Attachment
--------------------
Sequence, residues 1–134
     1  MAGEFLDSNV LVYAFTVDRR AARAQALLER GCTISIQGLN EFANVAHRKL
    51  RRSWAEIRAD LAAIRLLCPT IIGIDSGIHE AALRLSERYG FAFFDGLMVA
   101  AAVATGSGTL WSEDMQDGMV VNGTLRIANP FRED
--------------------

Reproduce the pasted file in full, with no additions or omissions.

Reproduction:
Sequence, residues 1–134
     1  MAGEFLDSNV LVYAFTVDRR AARAQALLER GCTISIQGLN EFANVAHRKL
    51  RRSWAEIRAD LAAIRLLCPT IIGIDSGIHE AALRLSERYG FAFFDGLMVA
   101  AAVATGSGTL WSEDMQDGMV VNGTLRIANP FRED